By Amy Ratelle on Apr 21st, 2016
U of T News - "According to the World Health Organization, approximately 30 million people in low-income countries require prosthetic limbs, braces or other assistive devices. To make things even tougher, the vast majority who require these devices don’t have access to rehabilitation services.
Until now, that is.
Thanks to a Canadian non-profit social enterprise called Nia Technologies – supported by University of Toronto research – children with disabilities in developing countries may soon have better access to high-quality and better-fitting prosthetics.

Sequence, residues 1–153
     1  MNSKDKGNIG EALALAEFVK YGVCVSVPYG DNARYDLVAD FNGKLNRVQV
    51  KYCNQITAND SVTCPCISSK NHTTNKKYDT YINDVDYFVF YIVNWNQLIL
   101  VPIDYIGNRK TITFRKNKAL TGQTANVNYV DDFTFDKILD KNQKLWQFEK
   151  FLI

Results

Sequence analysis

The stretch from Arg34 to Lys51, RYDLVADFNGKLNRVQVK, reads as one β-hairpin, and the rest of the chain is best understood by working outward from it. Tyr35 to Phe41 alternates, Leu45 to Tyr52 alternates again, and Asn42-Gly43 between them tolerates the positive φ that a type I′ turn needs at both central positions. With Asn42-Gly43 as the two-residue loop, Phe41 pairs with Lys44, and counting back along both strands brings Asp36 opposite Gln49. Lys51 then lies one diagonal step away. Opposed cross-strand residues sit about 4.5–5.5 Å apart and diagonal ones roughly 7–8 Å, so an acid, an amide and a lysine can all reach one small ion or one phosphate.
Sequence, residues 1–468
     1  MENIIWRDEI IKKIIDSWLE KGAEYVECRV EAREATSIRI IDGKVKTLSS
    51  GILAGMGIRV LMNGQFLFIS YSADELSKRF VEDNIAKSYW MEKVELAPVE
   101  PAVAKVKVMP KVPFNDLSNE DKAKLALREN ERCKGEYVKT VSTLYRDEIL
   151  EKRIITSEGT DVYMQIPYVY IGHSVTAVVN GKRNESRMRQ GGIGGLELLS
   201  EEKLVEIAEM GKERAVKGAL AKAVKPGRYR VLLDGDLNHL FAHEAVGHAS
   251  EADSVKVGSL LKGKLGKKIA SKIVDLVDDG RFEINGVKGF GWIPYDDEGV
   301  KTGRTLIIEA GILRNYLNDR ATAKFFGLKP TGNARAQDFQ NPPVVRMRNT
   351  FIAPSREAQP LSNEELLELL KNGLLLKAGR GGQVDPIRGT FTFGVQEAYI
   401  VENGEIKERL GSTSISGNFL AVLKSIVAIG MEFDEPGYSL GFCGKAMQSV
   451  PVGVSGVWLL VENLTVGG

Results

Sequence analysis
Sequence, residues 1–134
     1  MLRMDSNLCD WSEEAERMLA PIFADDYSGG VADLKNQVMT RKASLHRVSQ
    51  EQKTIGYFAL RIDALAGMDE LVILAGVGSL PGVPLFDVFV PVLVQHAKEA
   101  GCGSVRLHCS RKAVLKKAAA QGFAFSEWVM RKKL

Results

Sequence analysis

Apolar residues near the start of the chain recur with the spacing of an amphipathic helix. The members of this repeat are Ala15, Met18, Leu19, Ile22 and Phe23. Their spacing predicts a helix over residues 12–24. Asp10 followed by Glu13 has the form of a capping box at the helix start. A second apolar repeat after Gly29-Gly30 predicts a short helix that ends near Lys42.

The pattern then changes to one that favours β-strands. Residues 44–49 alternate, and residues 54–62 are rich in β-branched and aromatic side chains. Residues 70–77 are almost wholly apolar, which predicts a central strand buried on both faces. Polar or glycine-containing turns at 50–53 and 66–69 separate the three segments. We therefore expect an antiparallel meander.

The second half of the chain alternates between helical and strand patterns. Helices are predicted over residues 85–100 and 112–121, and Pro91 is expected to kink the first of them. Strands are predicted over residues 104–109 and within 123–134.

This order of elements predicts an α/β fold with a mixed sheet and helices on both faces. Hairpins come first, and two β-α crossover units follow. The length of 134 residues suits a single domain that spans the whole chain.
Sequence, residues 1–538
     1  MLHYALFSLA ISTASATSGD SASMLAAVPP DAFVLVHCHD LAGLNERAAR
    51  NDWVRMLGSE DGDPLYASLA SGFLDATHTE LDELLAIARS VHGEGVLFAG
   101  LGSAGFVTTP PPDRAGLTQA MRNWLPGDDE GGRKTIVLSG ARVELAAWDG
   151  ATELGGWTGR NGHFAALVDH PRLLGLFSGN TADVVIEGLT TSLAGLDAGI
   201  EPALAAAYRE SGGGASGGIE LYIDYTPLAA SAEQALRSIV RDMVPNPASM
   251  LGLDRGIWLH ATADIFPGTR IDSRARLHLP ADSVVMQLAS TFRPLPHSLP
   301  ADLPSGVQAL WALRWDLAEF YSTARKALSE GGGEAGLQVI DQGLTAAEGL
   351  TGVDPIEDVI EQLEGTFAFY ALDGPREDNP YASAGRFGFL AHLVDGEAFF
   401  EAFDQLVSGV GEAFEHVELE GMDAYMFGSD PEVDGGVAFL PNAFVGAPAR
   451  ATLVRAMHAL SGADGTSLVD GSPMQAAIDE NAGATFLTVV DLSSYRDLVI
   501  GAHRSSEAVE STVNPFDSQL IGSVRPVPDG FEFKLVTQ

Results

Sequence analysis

Nia is currently testing its innovative 3D printing technology to help improve the lives of the disabled in developing countries. Nia’s flagship technology, called 3D PrintAbility, was developed in collaboration with University of Toronto professor Matt Ratto, who also serves as Nia’s Chief Science Officer."